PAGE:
In this article, you will learn a game that unlocks creativity and play in a group of up to 5 people. Ready to expand your prosocial toolkit?
When I researched improv, my mindset changed. I learnt that there was a philosophy, a framework. It was not just fun and games. improvisers think differently and practice principles. I soon realized I wanted to incorporate these into my own practice.
One of these core principles is Yes And: Build off another person’s expression, don’t block it. This principle is encapsulated by the distinction between responding to someone with ‘yes, and’ and with ‘but.’ When we respond with ‘but’ we’re fault-finding. Our curiosity is not active. Our cooperativity goes down. The speaker feels less encouraged to share more.
When we respond with ‘yes, and’ we are getting excited about, expanding on, and validating what has been shared. We approach the interaction from a place of collaboration, not competition or argumentation.
Argumentation is generally not prosocial. Exploration is.
I want to argue with people less. I want to give up my dogma and get curious about others’ experiences. Yes, And helps me do this.
All that to say, I invented a game based on this improv principle. I have used it with groups all over the planet. Here’s how to play:
- Person 1 begins with the following sentence stem: What if “event happened in our immediate situation”?
Ex. What if you heard a big explosion outside your window right now?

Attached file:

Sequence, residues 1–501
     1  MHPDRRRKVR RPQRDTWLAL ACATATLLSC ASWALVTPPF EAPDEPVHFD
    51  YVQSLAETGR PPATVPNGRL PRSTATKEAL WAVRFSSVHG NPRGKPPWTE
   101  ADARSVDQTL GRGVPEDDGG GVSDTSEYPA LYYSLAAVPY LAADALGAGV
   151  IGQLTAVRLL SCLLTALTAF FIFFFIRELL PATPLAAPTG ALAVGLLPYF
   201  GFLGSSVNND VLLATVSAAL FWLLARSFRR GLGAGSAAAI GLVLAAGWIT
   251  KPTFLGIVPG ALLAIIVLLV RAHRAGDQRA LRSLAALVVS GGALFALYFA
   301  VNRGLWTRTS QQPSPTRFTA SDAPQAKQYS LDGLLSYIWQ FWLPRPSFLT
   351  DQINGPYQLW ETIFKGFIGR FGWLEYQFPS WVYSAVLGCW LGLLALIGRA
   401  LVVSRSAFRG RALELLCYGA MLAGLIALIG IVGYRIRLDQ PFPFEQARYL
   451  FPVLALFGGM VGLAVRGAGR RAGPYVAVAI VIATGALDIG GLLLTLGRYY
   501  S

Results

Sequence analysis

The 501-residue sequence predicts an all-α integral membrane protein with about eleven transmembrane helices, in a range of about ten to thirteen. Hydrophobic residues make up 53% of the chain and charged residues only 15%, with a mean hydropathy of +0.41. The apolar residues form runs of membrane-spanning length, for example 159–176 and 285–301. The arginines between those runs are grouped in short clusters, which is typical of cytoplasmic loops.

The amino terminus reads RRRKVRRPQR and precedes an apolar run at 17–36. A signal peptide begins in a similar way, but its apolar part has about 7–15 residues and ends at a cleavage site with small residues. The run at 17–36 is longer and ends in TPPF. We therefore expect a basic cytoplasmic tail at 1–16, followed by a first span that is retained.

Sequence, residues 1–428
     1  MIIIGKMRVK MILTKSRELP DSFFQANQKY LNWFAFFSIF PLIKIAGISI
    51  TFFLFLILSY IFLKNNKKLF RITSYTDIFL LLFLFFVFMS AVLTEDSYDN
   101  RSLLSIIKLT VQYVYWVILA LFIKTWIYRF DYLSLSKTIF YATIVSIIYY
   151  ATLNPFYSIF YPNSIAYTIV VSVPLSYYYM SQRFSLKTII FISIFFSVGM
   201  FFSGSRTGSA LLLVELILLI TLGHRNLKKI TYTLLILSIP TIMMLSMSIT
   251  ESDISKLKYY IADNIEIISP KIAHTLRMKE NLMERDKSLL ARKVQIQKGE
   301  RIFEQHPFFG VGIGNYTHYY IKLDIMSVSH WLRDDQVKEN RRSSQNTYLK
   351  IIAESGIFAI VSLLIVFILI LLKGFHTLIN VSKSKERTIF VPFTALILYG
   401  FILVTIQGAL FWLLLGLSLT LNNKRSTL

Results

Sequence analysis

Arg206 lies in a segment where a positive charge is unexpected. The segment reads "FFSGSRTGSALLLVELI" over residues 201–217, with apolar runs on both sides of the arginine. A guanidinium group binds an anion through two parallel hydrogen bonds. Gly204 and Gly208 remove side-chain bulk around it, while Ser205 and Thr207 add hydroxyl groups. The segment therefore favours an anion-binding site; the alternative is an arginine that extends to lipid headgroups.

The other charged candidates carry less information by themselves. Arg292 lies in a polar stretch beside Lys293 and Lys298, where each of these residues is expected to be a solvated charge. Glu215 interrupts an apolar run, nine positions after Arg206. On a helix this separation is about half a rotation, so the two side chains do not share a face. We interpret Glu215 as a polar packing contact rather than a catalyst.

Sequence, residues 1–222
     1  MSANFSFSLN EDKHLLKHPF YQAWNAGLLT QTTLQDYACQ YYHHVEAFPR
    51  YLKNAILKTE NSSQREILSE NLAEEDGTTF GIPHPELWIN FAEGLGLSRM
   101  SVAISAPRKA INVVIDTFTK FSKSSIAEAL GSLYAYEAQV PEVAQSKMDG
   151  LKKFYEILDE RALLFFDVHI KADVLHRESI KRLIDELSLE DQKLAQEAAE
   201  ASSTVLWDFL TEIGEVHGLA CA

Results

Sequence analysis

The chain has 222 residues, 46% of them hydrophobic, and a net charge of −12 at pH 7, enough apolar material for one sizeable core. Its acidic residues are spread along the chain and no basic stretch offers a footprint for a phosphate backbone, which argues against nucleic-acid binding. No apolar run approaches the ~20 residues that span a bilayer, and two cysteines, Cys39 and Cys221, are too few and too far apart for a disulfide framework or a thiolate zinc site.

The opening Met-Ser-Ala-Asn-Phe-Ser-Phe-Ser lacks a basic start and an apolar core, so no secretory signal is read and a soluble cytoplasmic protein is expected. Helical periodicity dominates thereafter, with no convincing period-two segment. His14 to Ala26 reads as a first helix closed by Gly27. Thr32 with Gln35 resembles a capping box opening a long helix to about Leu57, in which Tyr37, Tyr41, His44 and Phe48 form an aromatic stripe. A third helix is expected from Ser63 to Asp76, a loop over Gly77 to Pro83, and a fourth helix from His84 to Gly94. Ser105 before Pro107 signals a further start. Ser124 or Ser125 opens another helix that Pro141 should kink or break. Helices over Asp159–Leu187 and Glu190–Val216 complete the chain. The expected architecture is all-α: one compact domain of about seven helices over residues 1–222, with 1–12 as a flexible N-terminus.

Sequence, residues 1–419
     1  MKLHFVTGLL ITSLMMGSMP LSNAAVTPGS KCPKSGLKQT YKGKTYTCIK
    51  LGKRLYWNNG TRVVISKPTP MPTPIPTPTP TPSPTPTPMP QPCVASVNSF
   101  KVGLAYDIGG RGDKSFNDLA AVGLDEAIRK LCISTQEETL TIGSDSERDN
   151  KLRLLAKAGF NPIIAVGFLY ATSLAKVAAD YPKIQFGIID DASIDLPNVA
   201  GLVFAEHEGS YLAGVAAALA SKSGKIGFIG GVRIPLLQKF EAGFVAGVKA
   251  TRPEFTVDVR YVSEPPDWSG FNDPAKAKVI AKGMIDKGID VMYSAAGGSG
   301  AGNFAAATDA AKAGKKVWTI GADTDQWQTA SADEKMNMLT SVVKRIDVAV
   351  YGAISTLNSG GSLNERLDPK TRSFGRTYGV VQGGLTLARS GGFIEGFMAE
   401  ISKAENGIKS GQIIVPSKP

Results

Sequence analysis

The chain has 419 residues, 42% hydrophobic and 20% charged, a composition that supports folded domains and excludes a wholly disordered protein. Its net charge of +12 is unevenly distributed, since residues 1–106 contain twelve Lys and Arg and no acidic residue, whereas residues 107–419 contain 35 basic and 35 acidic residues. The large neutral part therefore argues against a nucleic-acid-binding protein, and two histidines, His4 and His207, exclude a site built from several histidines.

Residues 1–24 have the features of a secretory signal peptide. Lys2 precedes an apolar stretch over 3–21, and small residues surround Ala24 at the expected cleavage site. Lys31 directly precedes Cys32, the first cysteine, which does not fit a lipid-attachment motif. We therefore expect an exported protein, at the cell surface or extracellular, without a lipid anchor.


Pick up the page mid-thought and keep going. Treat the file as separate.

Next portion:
- Person 2 responds very concisely: I would “action.” Ex. I would run outside with a speaker and play music.
Then, person 2 adds another layer to the story: What if “event happened”? Ex. What if everyone was already dancing and the explosion was a confetti cannon?
Note, it’s best when each player responds with a single concept or response. Less is more.
- Person 1 (or 3) responds: I would “action”… And then adds another layer.
- And so on.
The story being created can involve one protagonist or two or three. Start by using one protagonist that everyone responds as. This means that all the players are pretending to respond as the same person.
When to use this game
This game is perfect for activating the imagination and playfulness of small groups. I usually play with groups of 3 or 4. This is a great game to open people’s minds for creative thinking. It’s a great warm-up.
When the game gets boring, change the game. Add a layer of complexity. Modify it.
And always remember: When someone wins, the game is over.
So **** competitiveness.
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